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How three generations of Dalit women writers saw their identities and struggle?

#GenderAnd Culture: From Dalit to Ambedkarite Consciousness, the changing constructions of Dalit Feminist consciousness

Written by Maya Pandit |
Updated: December 27, 2017 9:52:40 am

Dalit women writers have traversed a long path over the last four decades. During this time their consciousness of what it means to be a Dalit woman has evolved in many ways as reflected in their writing. One notices an increasingly creative vibrancy and political vitality in this development. Though there has been a strong oral tradition of women’s articulations in Marathi, their entry into the written literary discourse came quite late, from around 1970 onwards as they had been denied access to literacy and education. Since then they haven’t looked back. From Baby Kamble, the first Dalit women to write her autobiography, to the new generation women writers like Pradnya Pawar, Chaya Koregaonkar, Shilpa Kamble, one can see a clear progression in the way they have interpreted and re-constructed the realities of their gendered existence. Dalit feminism has come a long way, with many milestones, in the process. This change can be perceived in the way they have defined their identities, perceived their agency and interpreted social reality.  From looking at themselves as Dalit women who were identified with their communities, they have now arrived at a point, which defines themselves as Neo-Buddhist, with multifaceted identities. It might be interesting to see the landmarks in the changing nature of their feminist consciousness as articulated in their writing.

The first generation: The ‘struggle for Truth’  

The first generation of Dalit women such as Baby Kamble, Shantabai Dani, Shantabai Kamble were direct followers of Dr. Babasaheb Ambedkar and active participants in his movement. They had assimilated his message: educate and agitate.  Baby Kamble and Shantabai Dani were actively involved in the Ambedkarite agitational politics, whereas Shantabai Kamble had made education as her field for active intervention. They were keenly aware of the amalgamated structures of caste and patriarchy that built up hierarchies among labourers along the caste and gender axis. This was a hallmark of their political consciousness. In Baby Kamble’s words, the Dalit movement, for them, represented the ‘struggle for Truth’ that Babasaheb had initiated. This ‘Truth’ represented memories of hunger and food, humiliation and degradation, labour practices and cultural traditions of their communities, which they valourised and denounced respectively.  The most significant aspect was their indomitable spirit, which took pride in their being Dalit Mahar women and which protested strongly against Hindu religious doctrine and the caste oppression it had generated. Their portrayal of the graded patriarchy among the Dalit communities reflected a rare and humane maturity. They did not denounce their men, but tried to explain the violence directed at them as the only outlet available to their men suffering under the yoke of caste oppression. Significantly, they were markedly different from their male counterparts, both in the perception of gendered inequalities and a sense of agency.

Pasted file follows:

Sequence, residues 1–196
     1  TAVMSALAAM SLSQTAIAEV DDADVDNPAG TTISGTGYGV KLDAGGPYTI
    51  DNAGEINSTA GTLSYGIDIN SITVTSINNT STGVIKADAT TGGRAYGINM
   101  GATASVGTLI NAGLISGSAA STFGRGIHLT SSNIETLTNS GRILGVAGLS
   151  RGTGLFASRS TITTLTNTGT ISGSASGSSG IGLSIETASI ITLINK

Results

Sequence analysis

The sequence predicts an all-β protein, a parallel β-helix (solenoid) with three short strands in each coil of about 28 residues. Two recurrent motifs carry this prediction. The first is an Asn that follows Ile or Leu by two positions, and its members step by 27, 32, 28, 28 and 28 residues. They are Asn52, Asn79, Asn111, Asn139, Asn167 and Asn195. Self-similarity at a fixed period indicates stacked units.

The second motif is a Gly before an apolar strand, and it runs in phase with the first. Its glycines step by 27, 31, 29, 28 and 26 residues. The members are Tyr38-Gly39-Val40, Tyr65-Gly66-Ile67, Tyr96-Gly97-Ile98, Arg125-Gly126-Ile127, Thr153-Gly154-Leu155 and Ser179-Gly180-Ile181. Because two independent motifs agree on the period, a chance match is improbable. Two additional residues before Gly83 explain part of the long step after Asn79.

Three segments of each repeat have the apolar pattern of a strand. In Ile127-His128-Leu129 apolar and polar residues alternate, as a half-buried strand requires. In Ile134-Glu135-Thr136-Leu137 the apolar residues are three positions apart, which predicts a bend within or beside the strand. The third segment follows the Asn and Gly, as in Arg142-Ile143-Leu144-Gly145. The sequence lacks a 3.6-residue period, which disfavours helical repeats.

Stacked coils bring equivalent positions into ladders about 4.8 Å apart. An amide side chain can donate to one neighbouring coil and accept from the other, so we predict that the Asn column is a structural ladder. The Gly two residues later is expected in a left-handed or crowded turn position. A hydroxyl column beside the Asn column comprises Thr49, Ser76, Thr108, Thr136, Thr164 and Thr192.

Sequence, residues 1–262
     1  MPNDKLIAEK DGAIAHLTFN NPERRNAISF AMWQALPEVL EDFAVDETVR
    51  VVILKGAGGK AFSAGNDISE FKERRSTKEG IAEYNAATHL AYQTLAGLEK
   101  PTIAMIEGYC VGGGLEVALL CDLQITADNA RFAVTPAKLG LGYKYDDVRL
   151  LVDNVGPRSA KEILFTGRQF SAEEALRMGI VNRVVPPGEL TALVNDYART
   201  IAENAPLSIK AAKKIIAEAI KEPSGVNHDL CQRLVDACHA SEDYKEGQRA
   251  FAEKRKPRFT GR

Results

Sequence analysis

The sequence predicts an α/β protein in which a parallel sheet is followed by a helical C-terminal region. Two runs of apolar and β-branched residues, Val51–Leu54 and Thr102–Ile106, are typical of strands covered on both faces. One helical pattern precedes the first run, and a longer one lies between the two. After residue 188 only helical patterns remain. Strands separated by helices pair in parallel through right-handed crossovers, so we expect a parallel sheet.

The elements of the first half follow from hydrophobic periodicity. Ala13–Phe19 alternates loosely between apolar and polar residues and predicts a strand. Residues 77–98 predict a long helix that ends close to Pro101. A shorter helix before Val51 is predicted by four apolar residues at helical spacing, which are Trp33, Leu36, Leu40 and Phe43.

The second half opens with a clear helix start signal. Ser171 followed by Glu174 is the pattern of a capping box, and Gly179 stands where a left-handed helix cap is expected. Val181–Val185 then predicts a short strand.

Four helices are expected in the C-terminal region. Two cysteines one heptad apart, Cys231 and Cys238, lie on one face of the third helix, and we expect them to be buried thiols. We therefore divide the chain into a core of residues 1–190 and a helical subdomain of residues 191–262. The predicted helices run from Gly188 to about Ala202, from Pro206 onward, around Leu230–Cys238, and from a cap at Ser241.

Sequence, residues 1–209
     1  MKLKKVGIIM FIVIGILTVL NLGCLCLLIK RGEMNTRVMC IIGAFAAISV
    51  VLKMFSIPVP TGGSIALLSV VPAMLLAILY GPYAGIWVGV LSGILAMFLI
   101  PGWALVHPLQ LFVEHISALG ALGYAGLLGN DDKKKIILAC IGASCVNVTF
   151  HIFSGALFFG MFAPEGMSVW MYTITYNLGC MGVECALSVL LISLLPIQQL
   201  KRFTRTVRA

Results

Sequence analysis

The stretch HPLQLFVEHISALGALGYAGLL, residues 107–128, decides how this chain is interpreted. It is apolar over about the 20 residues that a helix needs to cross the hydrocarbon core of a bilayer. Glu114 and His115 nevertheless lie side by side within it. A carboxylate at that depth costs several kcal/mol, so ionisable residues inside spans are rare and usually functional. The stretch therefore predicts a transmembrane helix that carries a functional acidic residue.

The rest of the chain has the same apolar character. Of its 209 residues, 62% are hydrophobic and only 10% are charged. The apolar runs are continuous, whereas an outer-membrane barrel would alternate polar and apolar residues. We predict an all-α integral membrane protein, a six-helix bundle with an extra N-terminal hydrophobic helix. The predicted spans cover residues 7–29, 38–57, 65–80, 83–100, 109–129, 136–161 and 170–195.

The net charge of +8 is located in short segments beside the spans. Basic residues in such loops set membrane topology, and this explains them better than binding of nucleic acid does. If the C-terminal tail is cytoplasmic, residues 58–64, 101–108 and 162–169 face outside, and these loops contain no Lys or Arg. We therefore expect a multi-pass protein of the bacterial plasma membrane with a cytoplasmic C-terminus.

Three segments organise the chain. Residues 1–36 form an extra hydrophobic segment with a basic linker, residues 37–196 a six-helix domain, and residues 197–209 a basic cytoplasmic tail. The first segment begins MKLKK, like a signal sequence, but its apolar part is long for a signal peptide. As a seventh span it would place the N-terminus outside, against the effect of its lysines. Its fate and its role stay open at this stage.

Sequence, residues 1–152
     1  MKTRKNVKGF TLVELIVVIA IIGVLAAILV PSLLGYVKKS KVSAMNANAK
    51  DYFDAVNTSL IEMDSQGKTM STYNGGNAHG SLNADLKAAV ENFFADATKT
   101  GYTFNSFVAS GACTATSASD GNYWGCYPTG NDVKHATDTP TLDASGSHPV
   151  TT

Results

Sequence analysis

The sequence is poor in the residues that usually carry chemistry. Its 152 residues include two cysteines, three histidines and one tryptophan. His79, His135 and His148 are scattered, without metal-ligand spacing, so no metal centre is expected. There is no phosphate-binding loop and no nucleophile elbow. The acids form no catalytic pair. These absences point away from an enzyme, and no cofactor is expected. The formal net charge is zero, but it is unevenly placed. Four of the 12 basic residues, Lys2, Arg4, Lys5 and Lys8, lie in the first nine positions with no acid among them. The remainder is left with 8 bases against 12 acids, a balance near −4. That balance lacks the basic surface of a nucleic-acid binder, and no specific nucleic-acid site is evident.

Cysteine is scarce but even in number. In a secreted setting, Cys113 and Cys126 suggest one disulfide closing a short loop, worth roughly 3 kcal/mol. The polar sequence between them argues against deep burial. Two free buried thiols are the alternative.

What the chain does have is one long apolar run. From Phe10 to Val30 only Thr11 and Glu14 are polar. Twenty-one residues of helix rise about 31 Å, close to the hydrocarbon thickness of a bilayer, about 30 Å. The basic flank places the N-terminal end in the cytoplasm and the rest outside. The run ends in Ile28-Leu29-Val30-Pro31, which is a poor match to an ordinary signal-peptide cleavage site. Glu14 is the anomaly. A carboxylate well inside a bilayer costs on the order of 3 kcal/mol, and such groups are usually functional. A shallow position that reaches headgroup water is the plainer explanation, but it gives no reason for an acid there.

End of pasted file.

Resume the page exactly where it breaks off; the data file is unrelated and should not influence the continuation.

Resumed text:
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Male Dalit writers, like Daya Pawar, Laxman Gaikwad hardly ever saw their women as agencies of socio-political transformation. Unlike the men, these women explored their community culture in a more nuanced and sensitive manner, exploring myths, superstitions and lived practices against which Babasaheb had asked them to rebel. Baby Kamble’s exploration into the myth of Tulsi Vivah in the Brahmanical culture as against in the subaltern culture is a case in point. It brought out a completely different cultural history.